If Josh can declaim propositions then I don’t see why I can’t join in. So here goes:
If what you believe and teach concerning the Supper couldn’t be misinterpreted by some people as sounding like cannibalism, then your understanding and/or teaching of the Supper is deficient.
This is inspired by Martyn Lloyd-Jones’s point that I blogged last year, which can summarised as: “If your preaching of the gospel cannot be misunderstood by some people as teaching antinominianism, then you’re not preaching the gospel”.
As is made clear in my previous post, we do not eat the Lord’s body and blood in a “crude, fleshly, Capernaitic [i.e. cannibalistic] manner”. However, our strong affirmation that we truly receive the Lord’s flesh and blood in our mouths can certainly be misunderstood in that way.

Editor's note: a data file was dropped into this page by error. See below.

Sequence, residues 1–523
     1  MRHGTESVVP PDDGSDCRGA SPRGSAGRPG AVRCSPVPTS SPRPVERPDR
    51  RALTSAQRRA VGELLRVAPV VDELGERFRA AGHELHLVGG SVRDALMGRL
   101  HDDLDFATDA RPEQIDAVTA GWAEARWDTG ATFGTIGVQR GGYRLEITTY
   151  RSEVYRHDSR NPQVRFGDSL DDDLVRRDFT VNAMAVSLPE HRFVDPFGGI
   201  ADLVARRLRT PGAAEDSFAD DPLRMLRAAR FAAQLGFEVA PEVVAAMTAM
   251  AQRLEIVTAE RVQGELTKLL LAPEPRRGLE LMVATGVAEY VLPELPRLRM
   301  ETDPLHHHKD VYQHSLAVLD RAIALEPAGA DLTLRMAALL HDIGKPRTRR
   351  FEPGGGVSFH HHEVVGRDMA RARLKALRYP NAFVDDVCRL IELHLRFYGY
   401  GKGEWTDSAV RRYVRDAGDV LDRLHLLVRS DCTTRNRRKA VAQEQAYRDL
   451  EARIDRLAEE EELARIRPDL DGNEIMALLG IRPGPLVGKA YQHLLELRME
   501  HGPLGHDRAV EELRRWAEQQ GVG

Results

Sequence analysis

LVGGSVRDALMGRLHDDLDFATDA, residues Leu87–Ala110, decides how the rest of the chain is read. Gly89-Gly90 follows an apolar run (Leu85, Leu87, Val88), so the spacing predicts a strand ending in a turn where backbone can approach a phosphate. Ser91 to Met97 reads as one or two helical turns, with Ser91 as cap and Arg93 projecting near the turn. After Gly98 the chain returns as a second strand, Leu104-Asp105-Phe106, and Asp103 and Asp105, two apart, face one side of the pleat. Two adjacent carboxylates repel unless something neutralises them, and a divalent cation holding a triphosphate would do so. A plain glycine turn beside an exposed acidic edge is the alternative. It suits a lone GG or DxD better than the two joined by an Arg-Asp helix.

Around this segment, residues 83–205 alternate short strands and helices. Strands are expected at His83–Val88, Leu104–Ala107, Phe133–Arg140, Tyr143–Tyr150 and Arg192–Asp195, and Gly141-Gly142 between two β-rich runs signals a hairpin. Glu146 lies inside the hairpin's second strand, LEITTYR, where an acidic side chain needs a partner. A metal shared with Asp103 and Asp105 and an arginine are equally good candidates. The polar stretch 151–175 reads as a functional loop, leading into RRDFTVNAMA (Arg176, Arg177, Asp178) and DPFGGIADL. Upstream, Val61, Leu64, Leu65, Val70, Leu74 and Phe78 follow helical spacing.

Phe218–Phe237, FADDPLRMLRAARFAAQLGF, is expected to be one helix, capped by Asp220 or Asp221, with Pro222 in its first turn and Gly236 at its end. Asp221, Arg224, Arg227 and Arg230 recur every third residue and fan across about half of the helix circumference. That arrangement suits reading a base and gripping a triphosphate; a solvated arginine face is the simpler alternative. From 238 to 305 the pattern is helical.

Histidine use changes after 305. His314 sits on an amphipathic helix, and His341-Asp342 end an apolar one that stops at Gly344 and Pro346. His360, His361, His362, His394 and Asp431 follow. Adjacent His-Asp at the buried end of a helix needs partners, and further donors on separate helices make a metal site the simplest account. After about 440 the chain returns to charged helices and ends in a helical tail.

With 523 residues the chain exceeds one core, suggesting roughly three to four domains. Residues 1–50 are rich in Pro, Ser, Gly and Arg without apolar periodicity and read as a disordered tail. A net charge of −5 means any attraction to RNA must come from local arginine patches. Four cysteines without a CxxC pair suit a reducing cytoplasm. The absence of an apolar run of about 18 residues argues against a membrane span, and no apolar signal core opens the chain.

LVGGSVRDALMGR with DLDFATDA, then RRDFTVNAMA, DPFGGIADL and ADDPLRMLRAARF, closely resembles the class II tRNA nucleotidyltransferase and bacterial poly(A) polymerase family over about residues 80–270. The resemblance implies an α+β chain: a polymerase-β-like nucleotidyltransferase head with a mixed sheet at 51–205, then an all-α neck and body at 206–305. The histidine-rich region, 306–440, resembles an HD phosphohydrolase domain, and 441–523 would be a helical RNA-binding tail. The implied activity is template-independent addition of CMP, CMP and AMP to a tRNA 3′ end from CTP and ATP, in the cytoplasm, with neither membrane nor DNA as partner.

Many outside observers of the early church believed that Christians were cannibals for precisely that reason. And in John 6, it was this “cannibalistic” implication that repelled Jesus’ listeners in Capernaum (hence “Capernaitic”).